Cambridgeshire Constabulary has carried out a comprehensive assessment of the principal threats and risks across the county and has improved its understanding of the current demands on its services. The constabulary does not yet have a full understanding of all areas of current demand, particularly demand generated by other public sector organisations. While it has some long-term projections of demand, there is a potential medium-term gap in its assessment, which is likely to impact on its ability to develop the skills and capability of its workforce over the next spending review period.

The collaboration with Bedfordshire Police and Hertfordshire Constabulary is a pivotal element in the future savings beyond 2015/16, and there remains some uncertainty and risk around the achievement of these savings. However, Cambridgeshire is aware of the risks and has devised contingency plans.

The constabulary is leading the development of innovative approaches to using information technology to improve efficiency on behalf of the tri-force collaboration. It has made impressive progress in enabling police officers to work more efficiently using the latest mobile data technology, making significantly better progress in this area than the majority of police forces in England and Wales.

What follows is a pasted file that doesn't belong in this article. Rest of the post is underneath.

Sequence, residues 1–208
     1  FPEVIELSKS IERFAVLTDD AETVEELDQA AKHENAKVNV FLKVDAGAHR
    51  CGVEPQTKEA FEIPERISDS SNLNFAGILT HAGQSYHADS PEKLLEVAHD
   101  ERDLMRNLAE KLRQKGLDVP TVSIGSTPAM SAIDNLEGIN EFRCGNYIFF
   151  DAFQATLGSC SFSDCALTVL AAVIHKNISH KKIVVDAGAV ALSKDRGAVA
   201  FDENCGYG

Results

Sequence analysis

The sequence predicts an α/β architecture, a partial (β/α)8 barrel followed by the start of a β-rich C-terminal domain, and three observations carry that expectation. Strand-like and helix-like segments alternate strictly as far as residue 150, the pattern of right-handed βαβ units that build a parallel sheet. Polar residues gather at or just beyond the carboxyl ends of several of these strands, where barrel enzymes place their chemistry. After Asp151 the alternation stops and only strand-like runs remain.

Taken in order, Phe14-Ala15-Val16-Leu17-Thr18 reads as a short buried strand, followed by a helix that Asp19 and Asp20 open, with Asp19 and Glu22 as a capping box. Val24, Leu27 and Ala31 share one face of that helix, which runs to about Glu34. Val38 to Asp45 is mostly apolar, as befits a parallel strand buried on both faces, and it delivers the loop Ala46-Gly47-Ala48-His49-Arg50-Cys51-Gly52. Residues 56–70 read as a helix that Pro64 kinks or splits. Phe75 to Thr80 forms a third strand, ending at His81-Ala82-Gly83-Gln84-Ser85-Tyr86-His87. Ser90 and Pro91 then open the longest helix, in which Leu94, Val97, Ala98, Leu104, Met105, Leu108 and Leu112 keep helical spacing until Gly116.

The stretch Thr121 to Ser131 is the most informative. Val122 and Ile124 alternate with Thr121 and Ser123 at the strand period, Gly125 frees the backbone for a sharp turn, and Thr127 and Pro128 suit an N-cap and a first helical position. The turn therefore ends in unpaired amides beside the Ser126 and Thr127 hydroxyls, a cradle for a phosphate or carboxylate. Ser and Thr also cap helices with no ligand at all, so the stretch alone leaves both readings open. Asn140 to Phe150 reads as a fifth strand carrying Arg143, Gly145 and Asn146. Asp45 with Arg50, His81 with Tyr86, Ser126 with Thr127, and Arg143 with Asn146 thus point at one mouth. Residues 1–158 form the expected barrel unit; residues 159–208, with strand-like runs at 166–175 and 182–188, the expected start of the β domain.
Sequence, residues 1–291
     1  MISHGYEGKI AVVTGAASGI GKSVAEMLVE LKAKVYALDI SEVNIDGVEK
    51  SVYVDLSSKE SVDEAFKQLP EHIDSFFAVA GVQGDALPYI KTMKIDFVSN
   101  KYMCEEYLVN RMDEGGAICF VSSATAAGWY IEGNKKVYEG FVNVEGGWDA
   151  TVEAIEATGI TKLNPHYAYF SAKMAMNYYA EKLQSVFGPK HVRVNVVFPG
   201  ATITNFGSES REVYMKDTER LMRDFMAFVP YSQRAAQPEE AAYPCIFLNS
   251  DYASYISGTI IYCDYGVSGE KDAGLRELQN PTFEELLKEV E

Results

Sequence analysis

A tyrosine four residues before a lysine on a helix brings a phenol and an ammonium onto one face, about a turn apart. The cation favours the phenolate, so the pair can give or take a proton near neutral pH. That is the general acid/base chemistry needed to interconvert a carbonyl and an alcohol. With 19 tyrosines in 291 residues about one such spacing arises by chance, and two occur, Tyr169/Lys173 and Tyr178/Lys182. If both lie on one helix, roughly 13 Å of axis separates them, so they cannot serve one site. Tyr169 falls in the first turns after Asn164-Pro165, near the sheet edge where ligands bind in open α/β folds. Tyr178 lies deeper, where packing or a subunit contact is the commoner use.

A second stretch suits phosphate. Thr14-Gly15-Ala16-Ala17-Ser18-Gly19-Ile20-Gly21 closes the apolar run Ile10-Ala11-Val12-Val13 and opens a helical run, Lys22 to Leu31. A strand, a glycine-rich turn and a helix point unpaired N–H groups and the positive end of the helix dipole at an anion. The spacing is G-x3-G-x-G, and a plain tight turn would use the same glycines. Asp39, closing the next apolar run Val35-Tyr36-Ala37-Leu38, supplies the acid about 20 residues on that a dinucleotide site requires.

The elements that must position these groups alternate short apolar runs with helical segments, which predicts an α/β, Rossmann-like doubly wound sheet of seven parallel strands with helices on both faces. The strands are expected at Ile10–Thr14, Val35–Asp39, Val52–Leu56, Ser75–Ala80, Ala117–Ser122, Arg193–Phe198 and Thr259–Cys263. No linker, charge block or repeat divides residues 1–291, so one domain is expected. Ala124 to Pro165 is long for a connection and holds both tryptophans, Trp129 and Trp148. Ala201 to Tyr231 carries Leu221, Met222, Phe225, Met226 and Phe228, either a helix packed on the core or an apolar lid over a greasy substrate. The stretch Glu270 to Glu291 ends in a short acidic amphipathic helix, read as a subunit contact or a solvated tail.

Cambridgeshire is in a good financial position to face the future, having made prudent savings assumptions, and built reserves over previous years to support the collaboration and change programmes.

 

View the three questions for efficiency

Legitimacy

How legitimate is the force at keeping people safe and reducing crime?

Last updated 11/02/2016
Good

The chief officer team takes seriously the need for an ethical and inclusive workforce and there is an effective approach to improving the wellbeing of its staff. Local teams have a good understanding of their neighbourhoods and engage positively with the public and decision-making by Taser-trained officers is fair and appropriate. The constabulary has more to do in order to comply with the Best Use of Stop and Search scheme.

This is the first time HMIC has graded forces on their legitimacy, so no year-on-year comparison is possible.